Brian Fargo: Back in play

He founded Interplay and ran it for twenty years. But that was yesterday. Today, Brian Fargo is back in the game with his new company, InXile. Read on for more on his latest project.

Brian Fargo founded Interplay Entertainment in 1983 and proceeded to make a name for both the company and himself with a stellar lineup of RPGs that included Dragon Wars, Fallout, Neuromancer, and Wasteland.

Fargo left Interplay in early 2002, not too long after the company was effectively bought by Titus Interactive. Then, not much was heard from the prolific designer and producer.

His return to the game industry was marked this week with news that his new studio, InXile Entertainment, had secured (in most markets) the right to call its first game The Bard's Tale, to be based on the popular Bard's Tale games of the past.

We spoke with Fargo about his new company, its upcoming games, and what challenges now confront him.

GameSpot: Can you elaborate on your intent to self-publish? What are the biggest risks you see in the self-publish model?

Brian Fargo: First I should clarify that we are not 100 percent self-publishing. We will have a master distributor who manages the sales, collections, shipping, etc. We are the publisher in regards to owning the goods, paying for marketing, and managing marketing and PR. The biggest risk any company has in the publisher model is that of financial risk. [But] with that risk comes reward, should the title be successful. Fortunately I have run a stand-alone publishing operation, and so I'm well versed in all the moving parts and the ability to finish a game ourselves. Our gaming public will see InXile on the front of the box, while the distribution methods will be invisible.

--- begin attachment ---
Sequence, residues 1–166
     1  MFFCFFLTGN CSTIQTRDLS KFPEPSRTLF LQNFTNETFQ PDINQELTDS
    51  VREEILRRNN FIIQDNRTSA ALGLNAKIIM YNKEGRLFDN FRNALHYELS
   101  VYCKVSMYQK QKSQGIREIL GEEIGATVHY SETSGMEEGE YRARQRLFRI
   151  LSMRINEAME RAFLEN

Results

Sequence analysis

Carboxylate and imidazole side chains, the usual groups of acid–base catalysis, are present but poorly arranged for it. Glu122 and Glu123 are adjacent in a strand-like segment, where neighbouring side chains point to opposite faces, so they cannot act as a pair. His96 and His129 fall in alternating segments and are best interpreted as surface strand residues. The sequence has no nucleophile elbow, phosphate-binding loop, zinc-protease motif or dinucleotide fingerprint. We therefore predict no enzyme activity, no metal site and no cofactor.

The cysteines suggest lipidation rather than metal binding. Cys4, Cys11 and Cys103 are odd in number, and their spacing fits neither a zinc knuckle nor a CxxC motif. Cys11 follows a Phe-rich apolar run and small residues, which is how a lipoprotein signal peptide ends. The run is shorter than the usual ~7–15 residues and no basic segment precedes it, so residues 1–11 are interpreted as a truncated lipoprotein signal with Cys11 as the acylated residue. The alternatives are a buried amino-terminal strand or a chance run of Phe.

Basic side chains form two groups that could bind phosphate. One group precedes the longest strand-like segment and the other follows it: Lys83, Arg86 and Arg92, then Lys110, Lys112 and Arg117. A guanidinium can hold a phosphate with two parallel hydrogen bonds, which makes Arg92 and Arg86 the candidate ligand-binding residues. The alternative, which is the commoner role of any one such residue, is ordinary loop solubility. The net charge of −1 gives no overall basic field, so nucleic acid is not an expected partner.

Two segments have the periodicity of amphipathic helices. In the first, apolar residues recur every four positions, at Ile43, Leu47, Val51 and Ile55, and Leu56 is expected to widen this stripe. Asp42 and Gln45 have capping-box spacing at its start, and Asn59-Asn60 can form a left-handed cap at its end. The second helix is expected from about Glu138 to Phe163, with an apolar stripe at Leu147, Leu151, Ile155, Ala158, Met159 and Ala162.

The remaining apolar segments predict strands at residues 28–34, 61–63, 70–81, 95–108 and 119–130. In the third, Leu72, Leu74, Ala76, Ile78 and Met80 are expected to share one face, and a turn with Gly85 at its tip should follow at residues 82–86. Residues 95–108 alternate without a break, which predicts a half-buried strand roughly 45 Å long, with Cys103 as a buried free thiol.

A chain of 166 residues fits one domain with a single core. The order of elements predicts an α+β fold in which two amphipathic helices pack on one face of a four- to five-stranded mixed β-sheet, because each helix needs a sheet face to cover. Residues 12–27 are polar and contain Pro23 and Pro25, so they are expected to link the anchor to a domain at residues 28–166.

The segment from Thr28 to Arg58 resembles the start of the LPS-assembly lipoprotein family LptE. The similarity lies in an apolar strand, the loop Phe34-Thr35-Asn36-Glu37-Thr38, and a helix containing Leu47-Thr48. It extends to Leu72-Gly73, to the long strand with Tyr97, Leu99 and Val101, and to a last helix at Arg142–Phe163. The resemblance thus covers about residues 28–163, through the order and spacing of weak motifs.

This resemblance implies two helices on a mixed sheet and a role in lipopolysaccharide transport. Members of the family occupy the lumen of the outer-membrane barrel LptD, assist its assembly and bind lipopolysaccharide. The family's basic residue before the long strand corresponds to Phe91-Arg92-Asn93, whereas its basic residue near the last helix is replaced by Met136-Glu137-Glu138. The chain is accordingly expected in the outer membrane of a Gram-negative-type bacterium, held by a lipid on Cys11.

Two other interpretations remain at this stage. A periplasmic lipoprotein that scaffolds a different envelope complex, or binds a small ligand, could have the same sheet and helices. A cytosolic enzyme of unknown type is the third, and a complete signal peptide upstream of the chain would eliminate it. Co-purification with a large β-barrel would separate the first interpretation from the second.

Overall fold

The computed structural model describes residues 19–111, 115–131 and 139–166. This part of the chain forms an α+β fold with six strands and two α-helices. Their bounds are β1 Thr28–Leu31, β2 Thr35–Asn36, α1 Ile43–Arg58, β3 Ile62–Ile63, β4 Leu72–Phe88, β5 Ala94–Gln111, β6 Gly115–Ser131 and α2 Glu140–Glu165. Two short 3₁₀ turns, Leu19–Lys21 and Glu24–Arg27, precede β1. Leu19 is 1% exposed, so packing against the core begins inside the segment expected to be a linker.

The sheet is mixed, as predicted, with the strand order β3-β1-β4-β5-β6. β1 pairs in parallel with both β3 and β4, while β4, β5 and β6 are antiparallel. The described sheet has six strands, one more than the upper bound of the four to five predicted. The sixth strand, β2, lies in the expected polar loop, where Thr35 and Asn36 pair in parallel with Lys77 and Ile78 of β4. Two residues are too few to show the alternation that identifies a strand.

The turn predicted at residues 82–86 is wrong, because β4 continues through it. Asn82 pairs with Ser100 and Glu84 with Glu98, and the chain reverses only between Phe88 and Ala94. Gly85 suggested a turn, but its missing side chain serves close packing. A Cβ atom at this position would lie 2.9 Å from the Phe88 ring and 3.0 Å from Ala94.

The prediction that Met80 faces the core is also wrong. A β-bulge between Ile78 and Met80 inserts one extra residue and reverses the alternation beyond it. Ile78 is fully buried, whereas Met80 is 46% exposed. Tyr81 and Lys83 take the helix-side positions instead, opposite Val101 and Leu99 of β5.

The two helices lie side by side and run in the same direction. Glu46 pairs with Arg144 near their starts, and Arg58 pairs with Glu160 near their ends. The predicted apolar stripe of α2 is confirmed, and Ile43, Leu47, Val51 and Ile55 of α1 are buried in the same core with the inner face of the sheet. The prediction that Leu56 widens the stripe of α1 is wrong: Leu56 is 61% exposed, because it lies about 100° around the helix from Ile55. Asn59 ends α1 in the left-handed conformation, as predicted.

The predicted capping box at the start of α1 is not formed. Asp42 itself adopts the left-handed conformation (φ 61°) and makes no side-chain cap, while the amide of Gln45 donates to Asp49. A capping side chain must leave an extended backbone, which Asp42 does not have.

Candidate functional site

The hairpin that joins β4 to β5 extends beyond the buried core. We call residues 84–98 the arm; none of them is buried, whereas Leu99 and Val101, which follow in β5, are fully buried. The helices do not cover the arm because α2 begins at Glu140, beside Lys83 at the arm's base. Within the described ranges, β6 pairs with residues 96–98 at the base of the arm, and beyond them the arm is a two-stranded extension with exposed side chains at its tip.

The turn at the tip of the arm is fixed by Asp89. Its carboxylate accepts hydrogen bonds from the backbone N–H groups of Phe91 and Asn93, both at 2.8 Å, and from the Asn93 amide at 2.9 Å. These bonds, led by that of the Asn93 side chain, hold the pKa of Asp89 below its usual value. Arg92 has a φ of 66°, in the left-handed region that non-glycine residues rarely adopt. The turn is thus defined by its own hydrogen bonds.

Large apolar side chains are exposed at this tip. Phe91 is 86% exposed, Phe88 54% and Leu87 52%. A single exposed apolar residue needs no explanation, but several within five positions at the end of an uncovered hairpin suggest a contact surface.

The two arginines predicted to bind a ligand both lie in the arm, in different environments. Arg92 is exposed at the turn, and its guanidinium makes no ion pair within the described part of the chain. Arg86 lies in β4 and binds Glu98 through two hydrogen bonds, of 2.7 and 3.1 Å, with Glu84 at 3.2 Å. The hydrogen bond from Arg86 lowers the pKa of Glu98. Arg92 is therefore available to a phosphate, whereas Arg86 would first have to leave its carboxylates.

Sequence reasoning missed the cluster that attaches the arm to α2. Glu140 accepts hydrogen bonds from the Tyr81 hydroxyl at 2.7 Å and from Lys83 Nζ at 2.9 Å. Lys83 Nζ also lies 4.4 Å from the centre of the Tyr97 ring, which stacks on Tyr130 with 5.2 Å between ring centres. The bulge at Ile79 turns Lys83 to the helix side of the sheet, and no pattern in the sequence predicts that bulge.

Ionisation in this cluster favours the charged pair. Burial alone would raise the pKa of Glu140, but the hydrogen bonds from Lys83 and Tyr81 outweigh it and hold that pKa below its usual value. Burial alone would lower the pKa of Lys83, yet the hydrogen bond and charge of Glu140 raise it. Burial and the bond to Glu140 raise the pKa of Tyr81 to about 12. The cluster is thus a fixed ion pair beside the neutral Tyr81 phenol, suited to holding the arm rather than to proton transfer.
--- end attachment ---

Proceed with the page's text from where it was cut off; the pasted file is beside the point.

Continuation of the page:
GS: Is there an upside for gamers in a self-publish model?

BF: I think the most meaningful upside to a gamer is that we are not a public company that needs to ship a game in a particular quarter. This gives us the freedom to ship the game when it is ready. We can focus all of our efforts on quality gameplay. We are also buffered from having a publisher change producers and potentially have that person have "new ideas" about the direction of the game.

GS: What about alternative distribution models--Steam, for example?

BF: The retail market is our number one focus, although we are looking at other models like Steam.

GS: In a GameSpot interview earlier this year you said: "One of the bigger things I learned in management is that it's better to have no person doing a job than the wrong person. Because if no one is in the position, I know the job isn't being done, instead of thinking it is because there's a warm body in the chair. It's all been a wonderful learning experience that will help shape the next great company." In that context, what are the two or three most obvious changes in the InXile organization that came directly from your experiences learned at Interplay?

BF: I was very fortunate that I was not under financial pressure to set up shop right away. I was able to spend time finding the right office, sitting down and identifying the key components of the new company, and hiring the right people slowly. Great people make great games, and knowing this I could put together a superb team of like-minded people who communicate well and truly care about what they are doing. They're a combination of seasoned industry veterans and very talented rookies. It's critical to find people that buy off on the company philosophy and product vision. I also have more time to communicate the goals, financials, and vision so we can all work as a team toward the same goal. We also put more time into preproduction than ever before.

GS: How do you financially support game development with that structure in place?